SAN DIEGO, CaliforniaResearchers at the Jones Group/JMI
Laboratories, North Liberty, Iowa, have confirmed that Gram-positive
pathogens predominate in neutropenic cancer patients with infections. The
study also found that these organisms are no more likely to be resistant to
available drugs in the cancer population than in the general population. They
presented the results of the first year of the study in two poster
presentations at the 43rd Annual Inter-science Conference on Antimicrobial
Agents and Chemotherapy (ICAAC abstracts C2-290 and C2-296).
The 3-year longitudinal surveillance study, known as the
Chemotherapy Alliance for Neutropenics and Control of Emerging Resistance
(CANCER) Program, was founded in 2001 to monitor resistance in antimicrobial
and antifungal therapies used for oncology patients. Thirty-two oncology
centers, hospitals, and clinics from the United States and Canada submitted
2,042 isolates (1,992 bacterial and 50 yeast) to JMI Laboratories for testing
against 41 antimicrobial agents. The study is being funded by the Wyeth
According to Jeff Kirby, a medical technologist with JMI
Laboratories, during the last 2 decades, a significant change has occurred in
the prevalence of bacterial organisms in oncology patients with neutropenia.
Where once Gram-negative pathogens dominated, Gram-positives are now in the
majority. "One reason is that when Gram-negatives are prevalent,
pharmaceutical companies will target those and produce drugs that are
effective," Mr. Kirby said. "As the Gram-negatives are killed effectively,
there is a rise on the other side."
In this first year of the study, researchers found that 53%
of the bacterial isolates submitted were Gram-positive organisms. The top
five pathogens overall were Staphylococcus aureus (18.1%),
Escherichia coli (14.3%), coagulase-negative staphylococci (14.1%),
Enterococcus spp (9.9%), and Klebsiella spp (9.6%). The top five
Gram-positive pathogens were S aureus (18.1%), coagulase-negative
staphylococci (14.1%), Enterococcus spp (9.9%), Streptococcus
viridans (3.5%), and Streptococcus pneumoniae (2.6%).
"The critical question is, are the drugs we use to treat
Gram-positive isolates as effective today as they were previously, and will
they be effective in the future?" said Alan Mutnick, PharmD, director of
pharmacology, The Jones Group/JMI Laboratories.
Given the reports of problems with vancomycin resistance,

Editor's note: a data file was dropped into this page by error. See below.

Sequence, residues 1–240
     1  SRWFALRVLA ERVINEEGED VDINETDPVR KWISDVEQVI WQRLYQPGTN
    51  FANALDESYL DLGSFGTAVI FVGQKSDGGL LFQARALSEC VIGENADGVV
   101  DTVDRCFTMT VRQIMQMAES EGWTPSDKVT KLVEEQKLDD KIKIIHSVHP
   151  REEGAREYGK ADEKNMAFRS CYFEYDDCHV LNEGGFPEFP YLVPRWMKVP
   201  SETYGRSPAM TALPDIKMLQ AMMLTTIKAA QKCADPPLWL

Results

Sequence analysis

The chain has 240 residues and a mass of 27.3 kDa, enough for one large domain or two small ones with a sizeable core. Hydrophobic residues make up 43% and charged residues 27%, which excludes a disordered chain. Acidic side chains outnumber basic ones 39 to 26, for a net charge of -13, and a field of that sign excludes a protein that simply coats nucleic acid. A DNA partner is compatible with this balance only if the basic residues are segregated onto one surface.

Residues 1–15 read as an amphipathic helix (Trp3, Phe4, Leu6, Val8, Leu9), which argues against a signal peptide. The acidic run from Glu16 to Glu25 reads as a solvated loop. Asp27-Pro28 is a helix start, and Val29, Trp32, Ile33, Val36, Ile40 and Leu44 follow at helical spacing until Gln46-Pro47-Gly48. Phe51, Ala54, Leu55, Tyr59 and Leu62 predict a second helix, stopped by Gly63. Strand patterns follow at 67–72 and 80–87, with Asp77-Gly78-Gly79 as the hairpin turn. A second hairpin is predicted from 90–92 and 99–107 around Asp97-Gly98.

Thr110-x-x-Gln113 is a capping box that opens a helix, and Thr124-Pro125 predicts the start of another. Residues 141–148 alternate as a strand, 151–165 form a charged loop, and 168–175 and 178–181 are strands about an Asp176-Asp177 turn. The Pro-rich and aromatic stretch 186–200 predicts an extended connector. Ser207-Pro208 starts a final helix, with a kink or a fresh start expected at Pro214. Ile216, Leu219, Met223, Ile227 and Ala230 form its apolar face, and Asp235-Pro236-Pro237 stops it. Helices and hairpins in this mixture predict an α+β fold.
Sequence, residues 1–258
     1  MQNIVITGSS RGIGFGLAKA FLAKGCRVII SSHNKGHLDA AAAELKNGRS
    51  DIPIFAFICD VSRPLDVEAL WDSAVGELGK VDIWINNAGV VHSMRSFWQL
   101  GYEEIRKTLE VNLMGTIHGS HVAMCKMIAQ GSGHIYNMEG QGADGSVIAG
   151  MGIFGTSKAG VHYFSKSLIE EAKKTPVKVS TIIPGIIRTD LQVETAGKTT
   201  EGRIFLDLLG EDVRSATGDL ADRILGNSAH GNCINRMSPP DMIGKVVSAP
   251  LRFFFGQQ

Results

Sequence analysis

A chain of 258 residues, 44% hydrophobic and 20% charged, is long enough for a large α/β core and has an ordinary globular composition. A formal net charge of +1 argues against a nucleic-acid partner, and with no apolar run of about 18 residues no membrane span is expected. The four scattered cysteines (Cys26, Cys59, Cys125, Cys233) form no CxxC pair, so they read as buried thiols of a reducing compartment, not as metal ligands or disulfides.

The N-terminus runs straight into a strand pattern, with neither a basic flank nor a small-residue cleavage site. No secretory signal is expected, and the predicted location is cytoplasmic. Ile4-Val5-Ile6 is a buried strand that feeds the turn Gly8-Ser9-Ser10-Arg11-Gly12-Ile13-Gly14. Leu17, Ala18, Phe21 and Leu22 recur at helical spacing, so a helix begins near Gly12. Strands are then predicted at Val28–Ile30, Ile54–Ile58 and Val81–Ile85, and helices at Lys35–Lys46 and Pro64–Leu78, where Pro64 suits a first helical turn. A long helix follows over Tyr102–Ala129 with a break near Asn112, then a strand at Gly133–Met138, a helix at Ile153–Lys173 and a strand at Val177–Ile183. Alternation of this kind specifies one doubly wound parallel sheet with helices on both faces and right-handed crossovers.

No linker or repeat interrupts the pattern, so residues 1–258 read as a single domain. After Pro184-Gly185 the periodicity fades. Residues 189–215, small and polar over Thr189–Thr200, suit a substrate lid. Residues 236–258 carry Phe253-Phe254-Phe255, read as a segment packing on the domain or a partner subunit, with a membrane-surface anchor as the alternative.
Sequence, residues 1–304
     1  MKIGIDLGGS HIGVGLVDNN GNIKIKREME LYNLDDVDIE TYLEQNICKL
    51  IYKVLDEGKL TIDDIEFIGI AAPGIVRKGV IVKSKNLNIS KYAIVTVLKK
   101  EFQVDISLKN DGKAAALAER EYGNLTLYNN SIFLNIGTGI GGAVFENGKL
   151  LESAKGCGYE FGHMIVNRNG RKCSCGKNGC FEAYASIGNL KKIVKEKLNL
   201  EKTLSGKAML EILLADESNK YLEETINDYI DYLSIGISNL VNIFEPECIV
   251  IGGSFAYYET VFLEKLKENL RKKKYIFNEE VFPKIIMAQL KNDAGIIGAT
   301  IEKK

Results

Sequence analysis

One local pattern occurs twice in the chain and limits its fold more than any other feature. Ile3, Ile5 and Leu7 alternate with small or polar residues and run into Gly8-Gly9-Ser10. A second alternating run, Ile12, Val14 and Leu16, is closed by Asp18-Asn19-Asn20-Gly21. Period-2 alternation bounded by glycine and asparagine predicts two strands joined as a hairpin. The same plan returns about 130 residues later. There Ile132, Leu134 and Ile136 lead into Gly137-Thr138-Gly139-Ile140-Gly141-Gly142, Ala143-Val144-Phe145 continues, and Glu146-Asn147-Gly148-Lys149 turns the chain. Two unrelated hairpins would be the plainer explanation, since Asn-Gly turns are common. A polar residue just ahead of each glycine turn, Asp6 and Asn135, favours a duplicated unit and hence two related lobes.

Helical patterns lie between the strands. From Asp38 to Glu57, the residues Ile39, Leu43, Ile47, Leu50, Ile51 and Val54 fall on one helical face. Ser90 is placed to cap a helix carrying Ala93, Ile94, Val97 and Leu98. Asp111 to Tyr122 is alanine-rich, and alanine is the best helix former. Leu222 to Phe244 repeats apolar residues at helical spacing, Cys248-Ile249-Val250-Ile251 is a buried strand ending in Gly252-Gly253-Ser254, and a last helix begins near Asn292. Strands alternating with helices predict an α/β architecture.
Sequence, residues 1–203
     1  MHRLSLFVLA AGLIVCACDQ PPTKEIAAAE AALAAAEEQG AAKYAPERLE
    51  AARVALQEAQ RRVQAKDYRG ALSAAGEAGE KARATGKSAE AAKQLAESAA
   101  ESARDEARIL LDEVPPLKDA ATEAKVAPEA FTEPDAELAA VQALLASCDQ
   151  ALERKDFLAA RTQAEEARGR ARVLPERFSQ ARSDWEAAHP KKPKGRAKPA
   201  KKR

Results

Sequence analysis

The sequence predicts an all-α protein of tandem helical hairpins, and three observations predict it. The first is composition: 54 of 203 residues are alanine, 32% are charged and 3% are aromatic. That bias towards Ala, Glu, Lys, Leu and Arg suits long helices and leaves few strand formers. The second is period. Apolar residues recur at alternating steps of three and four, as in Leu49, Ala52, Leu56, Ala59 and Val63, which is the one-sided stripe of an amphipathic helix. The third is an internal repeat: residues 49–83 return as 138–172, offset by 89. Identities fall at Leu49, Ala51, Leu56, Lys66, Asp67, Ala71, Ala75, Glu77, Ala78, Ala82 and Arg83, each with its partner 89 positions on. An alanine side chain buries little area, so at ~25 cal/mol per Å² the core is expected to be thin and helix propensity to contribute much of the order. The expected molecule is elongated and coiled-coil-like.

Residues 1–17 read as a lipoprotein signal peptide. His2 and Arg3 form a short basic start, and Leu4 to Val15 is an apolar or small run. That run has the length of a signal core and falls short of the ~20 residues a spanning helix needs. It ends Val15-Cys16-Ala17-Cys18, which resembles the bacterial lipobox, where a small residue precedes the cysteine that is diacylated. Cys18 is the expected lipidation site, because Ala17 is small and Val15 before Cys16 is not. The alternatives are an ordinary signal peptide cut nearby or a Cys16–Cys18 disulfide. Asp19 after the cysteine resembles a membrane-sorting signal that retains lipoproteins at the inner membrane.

researchers were pleasantly surprised with the first-year results, Dr.
Mutnick said. "Vancomycin, the old drug, along with quinupristin/dalfopristin
[Synercid], a relatively new drug, and linezolid [Zyvox], the newest drug,
all had excellent activity against the Gram-positive isolates," he said.
Dr. Mutnick hopes that the study may help dispel some of the
myths about vancomycin as a "lost drug" that isn’t useful anymore. "Sometimes
old drugs still do work," he said. "Also, we need to take care to use the
newer agents in the most effective fashion. Otherwise, today’s new agents
will become tomorrow’s resistance problems."
Linezolid displayed the broadest coverage99.5% to 100%
susceptibilityagainst the top five Gram-positive pathogens, with no
resistance. Linezolid was the only agent with satisfactory coverage against
all species of Enterococcus.
Vancomycin and quinupristin/dalfo-pristin paralleled
linezolid’s activity against most Gram-positive isolates, with
susceptibilities ranging from 98.9% to 100% against S aureus,
coagulase-negative staphylococci, S viridans, and S pneumoniae,
and no resistant isolates among those pathogens.
Garenoxacin, Bristol-Myers Squibb’s investigational
desfluoroquinolone, compared favorably to gatifloxacin (Tequin), with
Gram-positive susceptibility rates of 81% to 90% vs 78% for gatifloxacin.
"The results of this first-year, benchmark study for the
CANCER Program was that the Gram-positive pathogens were not more resistant
in cancer patients, as compared with other hospital patient populations," Mr.
Kirby concluded. "They were actually very susceptible."